The National Science Foundation coined the term STEM, as a way of focusing attention on the need to address the gap between the need to have more, well prepared, engineers and scientists in our universities and workforce, and the existing condition in our schools and lack of student preparation.
Since then, efforts to add the "A" to STEM have become more and more pronounced. Check out this video by Georgette Yakman, of STEAM. She not only provides context for the concept of S.T.E.A.M., she also offers possibilities for districts and schools.
Friday, October 25, 2013
Todd Berman, an artist in San Francisco, and publisher of The Art Don't Stop, drew this picture of me as I was giving a greeting at the APASF Arts Resource Fair in San Francisco. My remarks were focused on how all teaching and learning should include a creative lens.
I appreciated Todd's perspective in that teaching and learning is not only rocket science, but it suggests the power of the aesthetic in reality, including education. We have seen Ken Robinson's TED talk on schooling and creativity, as well as read Einstein's work on the integration of science and art.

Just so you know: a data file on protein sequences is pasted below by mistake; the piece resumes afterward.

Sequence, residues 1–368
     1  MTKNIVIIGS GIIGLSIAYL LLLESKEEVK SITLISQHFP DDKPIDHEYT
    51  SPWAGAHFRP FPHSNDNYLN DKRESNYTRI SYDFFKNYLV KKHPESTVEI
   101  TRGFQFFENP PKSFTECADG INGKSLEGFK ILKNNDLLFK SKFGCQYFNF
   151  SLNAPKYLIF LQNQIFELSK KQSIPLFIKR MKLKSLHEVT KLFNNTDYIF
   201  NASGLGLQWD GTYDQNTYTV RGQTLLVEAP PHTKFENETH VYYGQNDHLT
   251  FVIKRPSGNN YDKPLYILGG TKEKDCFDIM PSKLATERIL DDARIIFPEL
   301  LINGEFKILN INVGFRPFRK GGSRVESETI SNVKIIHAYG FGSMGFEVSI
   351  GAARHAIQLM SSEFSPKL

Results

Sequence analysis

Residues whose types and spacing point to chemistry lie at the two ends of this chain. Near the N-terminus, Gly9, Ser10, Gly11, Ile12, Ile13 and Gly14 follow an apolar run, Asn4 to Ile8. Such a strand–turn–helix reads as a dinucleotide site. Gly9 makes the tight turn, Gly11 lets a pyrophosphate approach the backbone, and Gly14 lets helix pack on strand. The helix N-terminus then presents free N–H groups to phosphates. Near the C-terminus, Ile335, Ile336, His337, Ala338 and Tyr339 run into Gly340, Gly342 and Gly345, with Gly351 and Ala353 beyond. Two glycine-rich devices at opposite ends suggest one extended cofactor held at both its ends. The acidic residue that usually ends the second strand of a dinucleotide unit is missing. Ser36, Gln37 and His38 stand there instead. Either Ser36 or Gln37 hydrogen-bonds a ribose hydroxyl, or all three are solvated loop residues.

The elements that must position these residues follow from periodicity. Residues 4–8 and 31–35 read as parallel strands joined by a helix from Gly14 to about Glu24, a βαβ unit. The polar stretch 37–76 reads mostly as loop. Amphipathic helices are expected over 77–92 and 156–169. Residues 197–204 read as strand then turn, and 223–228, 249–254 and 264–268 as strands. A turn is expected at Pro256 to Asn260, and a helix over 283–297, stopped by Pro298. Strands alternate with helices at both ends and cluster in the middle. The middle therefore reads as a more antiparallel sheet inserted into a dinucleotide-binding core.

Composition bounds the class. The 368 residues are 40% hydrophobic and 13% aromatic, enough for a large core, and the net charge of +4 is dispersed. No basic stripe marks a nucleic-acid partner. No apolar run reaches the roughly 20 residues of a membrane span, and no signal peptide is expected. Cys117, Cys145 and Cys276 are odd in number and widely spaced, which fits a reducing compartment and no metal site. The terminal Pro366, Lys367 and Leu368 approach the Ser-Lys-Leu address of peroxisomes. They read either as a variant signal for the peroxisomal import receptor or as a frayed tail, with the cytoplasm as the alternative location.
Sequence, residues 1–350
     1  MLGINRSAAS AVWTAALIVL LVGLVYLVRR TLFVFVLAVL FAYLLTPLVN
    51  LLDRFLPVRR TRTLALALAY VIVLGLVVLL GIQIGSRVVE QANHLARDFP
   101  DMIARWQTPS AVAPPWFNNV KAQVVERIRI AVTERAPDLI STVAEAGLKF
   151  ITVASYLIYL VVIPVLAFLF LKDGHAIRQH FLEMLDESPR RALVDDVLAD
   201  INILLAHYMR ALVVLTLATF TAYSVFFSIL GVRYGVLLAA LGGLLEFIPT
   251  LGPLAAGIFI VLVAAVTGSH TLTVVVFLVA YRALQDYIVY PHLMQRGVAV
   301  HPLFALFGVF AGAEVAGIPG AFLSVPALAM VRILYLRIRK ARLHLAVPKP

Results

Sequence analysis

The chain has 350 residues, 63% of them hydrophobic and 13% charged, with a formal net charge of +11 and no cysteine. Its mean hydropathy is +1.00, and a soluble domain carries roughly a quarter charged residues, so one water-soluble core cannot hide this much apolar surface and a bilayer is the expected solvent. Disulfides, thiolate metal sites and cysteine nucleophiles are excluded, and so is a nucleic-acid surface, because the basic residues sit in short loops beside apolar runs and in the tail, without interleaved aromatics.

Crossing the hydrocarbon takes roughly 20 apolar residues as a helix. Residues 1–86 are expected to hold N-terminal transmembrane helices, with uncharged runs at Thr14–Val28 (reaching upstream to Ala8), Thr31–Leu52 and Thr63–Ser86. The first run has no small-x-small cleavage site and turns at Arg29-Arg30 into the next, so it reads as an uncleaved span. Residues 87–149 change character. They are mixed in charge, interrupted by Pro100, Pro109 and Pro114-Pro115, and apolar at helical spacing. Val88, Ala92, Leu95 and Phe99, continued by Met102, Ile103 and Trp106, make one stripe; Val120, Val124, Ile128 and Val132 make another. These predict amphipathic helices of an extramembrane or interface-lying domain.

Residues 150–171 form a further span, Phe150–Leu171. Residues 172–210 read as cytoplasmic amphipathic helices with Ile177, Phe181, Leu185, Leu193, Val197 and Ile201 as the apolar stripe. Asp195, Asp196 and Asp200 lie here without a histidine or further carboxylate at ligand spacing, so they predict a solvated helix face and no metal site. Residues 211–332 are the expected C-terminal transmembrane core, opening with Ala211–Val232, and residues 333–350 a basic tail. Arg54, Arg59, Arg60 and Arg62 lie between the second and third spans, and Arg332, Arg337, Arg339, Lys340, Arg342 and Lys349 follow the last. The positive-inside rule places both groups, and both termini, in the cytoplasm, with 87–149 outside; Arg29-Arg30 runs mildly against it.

I hope that as we move forward in the work, we remain mindful of the power of science and art to offer a more complete expression of knowledge.
“Through art and science in their broadest senses it is possible to make a permanent contribution towards the improvement and enrichment of human life and it is these pursuits that we students are engaged in.”
- Frederick Sanger
Sunday, October 6, 2013
A new poverty index released by Stanford's Center on Poverty and Inequality and the Public Policy Institute of California, shows that 22 percent of all Californians are in poverty. Because of the weak job market and the high cost of living in California, a large percentage of the population continue to struggle to make ends meet. The study...